Protocols should be developed and implemented when a hotel learns that a guest or employee has contracted or come into direct contact with a person with COVID-19. These policies should include standards for reporting cases of COVID-19 and communicating potential exposure, while maintaining confidentiality of protected health information as required by the ADA and HIPAA. This also requires dedicated records related to the investigation of a possible infection or contact, as well as documentation of prompt and reasonable remedial measures to ensure proper sanitizing of the property where needed. Governmental reporting guidelines should be carefully followed.
Hotel management and executives should consult their insurance policies. Many general liability policies and business-interruption carriers have denied coverage under a force majeure (act of God) clause or other claimed exclusion. Risk management should be aware of its current coverage and seek clarity regarding COVID-19 related claims, obtaining additional or excess coverage where applicable. Many insurers have or plan to adopt a virus exclusion. Critical-illness coverage is traditionally supplemental benefit that must be bargained for. Hotel stakeholders should also look at their group health care plans, workers compensation policies, and long-term disability programs to see how they may be implicated or excluded if the claim is COVID-19 related.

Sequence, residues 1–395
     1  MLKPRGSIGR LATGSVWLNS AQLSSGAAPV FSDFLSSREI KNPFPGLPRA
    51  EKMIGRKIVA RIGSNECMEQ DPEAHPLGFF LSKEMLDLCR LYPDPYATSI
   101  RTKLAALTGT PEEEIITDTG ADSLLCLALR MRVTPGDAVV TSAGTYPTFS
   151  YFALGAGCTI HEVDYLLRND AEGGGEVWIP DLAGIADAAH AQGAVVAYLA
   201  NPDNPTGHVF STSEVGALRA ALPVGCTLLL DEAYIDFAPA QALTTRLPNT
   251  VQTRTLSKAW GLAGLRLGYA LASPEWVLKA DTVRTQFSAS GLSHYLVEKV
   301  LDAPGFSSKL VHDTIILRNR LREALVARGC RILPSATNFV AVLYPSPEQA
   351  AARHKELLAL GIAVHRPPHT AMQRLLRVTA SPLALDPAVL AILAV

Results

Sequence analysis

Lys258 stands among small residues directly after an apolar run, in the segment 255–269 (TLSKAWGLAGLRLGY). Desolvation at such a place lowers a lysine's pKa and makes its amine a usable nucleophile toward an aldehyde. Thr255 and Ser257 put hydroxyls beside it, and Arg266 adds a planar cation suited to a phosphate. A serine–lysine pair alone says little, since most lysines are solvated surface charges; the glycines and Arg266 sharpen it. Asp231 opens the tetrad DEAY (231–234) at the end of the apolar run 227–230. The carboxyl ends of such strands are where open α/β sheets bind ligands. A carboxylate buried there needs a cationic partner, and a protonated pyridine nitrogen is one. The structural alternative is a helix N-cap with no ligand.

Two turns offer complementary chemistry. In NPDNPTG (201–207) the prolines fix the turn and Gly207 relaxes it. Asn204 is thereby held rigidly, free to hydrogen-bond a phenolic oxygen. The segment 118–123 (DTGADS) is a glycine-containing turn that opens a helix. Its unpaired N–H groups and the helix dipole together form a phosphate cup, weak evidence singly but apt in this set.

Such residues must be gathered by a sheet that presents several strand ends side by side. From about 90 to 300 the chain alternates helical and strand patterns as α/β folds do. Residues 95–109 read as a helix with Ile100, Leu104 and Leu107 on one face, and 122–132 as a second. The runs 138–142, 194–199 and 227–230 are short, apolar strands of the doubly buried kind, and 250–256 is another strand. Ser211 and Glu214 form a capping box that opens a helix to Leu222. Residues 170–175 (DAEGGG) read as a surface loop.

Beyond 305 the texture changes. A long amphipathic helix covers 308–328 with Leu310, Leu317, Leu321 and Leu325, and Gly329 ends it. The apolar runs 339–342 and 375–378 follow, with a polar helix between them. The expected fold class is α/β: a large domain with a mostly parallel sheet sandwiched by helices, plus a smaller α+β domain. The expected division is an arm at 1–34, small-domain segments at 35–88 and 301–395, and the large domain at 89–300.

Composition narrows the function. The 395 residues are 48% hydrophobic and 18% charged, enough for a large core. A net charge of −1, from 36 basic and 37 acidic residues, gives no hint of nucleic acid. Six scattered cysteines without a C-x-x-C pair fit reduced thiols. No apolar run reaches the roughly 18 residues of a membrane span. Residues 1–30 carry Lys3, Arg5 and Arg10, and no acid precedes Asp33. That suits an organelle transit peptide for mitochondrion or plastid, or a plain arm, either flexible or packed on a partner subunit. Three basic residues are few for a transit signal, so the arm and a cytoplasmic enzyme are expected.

In sum, the hospitality industry suffered and continues to suffer the consequences of the pandemic. Legal trends suggest that litigation will continue and that the long trail of COVID-19 related cases will continue to grow. In order to meet that ongoing challenge, hoteliers and executives should carefully examine their exposure and develop and implement reasonable policies to mitigate additional legal exposure.
Republished from the Hotel Business Review with permission from www.HotelExecutive.com.